.....but I digress....

It seems everyone wore tartans or plaids in England and I feel that Queen Victoria and the Royal Family helped to make it popular.  She wore tartans quite regularly and made it fashionable (along with the all white wedding dress).  (If you have been watching PBS's Victoria recently, the Queen's son Bertie wore a kilt and sash in Dress Stewart in the grand finale.)

Better historians than I can give you the story of the Scottish Highlanders and their sad history, but suffice to say that after the Battle of Culloden  April 16th, 1746, Highlanders were banned, upon pain of death, to wear clan colours and regalia. 

Anti-clothing measures were taken against the highland dress by an Act of Parliament in 1746. The result was that the wearing of tartan was banned except as a uniform for officers and soldiers in the British Army and later landed men and their sons.[69]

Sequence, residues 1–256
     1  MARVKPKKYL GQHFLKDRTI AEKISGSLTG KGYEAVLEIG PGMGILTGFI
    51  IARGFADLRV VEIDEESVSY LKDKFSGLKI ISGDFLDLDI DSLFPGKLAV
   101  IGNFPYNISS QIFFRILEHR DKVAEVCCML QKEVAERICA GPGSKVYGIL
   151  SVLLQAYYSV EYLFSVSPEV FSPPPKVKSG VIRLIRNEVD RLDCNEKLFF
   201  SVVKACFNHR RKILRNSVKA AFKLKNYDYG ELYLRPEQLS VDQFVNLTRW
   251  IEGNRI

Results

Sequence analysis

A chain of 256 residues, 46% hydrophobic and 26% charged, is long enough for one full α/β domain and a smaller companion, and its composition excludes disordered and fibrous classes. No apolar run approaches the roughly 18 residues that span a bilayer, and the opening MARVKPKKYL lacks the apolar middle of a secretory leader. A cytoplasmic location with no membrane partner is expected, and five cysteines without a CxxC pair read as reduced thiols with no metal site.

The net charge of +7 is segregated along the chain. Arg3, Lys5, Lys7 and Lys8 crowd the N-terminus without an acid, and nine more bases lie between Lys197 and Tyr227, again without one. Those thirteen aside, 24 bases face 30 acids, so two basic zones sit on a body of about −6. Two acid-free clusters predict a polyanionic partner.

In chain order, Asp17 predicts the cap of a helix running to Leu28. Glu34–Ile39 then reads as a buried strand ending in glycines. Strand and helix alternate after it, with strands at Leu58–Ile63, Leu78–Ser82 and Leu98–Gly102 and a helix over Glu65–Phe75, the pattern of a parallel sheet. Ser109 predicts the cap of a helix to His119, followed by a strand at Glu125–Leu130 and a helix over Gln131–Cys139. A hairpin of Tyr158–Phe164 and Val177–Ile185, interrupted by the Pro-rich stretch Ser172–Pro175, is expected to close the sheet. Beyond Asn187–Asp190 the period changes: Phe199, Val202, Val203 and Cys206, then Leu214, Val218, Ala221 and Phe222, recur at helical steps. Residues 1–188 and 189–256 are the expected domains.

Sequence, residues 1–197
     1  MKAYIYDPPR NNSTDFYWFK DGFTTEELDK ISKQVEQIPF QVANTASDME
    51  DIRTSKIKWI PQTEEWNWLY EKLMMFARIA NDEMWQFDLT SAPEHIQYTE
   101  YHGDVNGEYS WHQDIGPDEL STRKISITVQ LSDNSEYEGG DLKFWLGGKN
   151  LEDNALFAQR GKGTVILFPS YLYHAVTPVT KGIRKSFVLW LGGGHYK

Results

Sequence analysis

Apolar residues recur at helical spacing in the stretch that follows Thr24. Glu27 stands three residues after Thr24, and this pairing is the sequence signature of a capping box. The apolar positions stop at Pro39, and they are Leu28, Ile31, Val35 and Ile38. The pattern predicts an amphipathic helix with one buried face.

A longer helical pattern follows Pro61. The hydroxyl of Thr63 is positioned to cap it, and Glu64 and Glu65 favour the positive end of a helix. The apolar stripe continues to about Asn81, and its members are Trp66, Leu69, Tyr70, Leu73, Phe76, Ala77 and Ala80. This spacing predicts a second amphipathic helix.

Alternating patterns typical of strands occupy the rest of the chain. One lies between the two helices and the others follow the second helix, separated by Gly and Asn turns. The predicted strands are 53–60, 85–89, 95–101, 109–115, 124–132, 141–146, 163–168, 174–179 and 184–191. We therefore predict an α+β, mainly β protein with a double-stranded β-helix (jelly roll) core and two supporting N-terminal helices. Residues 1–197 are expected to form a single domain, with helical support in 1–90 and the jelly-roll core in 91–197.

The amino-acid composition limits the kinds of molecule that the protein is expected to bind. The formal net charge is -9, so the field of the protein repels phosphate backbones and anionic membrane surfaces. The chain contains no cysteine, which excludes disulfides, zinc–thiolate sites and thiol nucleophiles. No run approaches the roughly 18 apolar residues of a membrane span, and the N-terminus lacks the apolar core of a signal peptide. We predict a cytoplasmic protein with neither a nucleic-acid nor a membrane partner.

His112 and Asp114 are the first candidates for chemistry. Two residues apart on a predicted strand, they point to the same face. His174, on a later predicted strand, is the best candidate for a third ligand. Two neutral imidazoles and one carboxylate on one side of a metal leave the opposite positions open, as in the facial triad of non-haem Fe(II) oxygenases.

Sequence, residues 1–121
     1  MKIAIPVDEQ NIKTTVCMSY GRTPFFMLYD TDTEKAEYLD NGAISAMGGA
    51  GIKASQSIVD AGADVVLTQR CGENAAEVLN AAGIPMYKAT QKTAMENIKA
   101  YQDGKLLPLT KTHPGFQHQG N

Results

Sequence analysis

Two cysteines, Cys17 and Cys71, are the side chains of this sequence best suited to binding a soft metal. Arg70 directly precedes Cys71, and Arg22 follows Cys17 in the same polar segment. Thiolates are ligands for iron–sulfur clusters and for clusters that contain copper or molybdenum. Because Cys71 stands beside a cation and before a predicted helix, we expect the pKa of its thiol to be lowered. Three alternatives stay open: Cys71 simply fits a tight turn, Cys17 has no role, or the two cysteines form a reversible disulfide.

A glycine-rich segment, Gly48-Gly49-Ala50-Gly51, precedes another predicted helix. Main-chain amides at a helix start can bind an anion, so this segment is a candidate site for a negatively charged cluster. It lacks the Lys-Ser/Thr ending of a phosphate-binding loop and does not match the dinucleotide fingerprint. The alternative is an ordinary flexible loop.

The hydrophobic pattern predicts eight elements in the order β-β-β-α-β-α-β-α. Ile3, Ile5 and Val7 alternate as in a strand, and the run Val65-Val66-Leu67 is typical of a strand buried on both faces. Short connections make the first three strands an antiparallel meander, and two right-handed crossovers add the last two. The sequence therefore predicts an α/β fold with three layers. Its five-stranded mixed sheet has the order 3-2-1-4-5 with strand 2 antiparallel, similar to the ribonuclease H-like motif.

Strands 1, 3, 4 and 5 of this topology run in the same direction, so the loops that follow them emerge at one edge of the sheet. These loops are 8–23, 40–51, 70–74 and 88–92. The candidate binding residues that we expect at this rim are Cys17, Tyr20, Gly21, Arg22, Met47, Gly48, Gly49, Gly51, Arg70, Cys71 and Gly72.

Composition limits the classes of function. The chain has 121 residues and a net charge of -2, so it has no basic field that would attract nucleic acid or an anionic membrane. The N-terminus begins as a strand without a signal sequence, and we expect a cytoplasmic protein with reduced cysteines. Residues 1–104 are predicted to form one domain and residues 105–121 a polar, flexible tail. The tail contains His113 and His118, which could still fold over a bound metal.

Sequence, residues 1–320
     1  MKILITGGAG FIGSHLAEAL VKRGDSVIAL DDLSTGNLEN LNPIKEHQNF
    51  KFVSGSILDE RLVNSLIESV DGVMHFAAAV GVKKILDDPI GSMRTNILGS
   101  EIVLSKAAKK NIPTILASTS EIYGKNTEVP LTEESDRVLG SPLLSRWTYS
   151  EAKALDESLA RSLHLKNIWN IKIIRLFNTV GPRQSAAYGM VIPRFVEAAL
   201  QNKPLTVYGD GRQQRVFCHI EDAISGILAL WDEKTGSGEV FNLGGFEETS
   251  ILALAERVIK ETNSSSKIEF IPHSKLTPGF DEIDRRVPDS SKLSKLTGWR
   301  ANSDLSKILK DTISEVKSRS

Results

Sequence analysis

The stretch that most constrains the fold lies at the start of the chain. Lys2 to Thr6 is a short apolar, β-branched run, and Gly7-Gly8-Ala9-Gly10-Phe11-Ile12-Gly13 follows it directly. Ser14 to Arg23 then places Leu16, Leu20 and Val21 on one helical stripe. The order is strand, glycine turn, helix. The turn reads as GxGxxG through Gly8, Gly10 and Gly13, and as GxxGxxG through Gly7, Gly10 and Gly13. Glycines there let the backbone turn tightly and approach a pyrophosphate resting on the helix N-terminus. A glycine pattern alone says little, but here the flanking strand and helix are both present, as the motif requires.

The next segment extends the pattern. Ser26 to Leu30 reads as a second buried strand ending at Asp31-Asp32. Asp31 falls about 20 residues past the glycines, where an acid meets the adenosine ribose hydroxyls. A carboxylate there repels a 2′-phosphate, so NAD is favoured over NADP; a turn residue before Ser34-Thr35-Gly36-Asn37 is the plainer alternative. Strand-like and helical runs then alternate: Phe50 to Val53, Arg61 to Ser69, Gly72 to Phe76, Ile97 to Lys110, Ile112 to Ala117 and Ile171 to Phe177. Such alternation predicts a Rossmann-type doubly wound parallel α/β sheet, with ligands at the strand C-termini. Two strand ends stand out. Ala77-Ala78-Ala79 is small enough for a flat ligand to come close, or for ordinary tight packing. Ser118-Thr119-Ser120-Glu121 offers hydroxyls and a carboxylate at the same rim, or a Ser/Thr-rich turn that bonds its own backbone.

But I'm happy to say that tartans are back and more popular than ever!  Fierce Highland pride and  television shows such as Outlander have contributed immensely.   Diana Gabaldon's series of books have come to life on the screen.  I swear she has almost single handedly revved up a love of all things Scottish, and especially men in kilts!



I wasn't immune from the new found popularity of the show and wove up a plaid using colours from my stash, in a plaid arrangement I called "Highland Heather"  five years ago:



I have also woven up tartan Mackenzie #2:


 So what is the difference between a plaid and a tartan?  People us the terms interchangeably  but is this correct?   Wikipedia says:

Tartan is particularly associated with Scotland. Scottish kilts almost always have tartan patterns. Tartan is often called plaid in the United States, but in Scotland, a plaid is a tartan cloth slung over the shoulder as a kilt accessory, or a plain ordinary blanket such as one would have on a bed.

I personally view tartans as distinct, recognized and registered patterns by the Scottish Tartan Authority and plaids is a pleasing arrangement of colours and stripes much like my Highland Heather towels.   I may well be wrong on this but it feels okay to me!

So who can have a tartan?  Well, anyone really! There are official registered tartans for every province or state, or country in the world.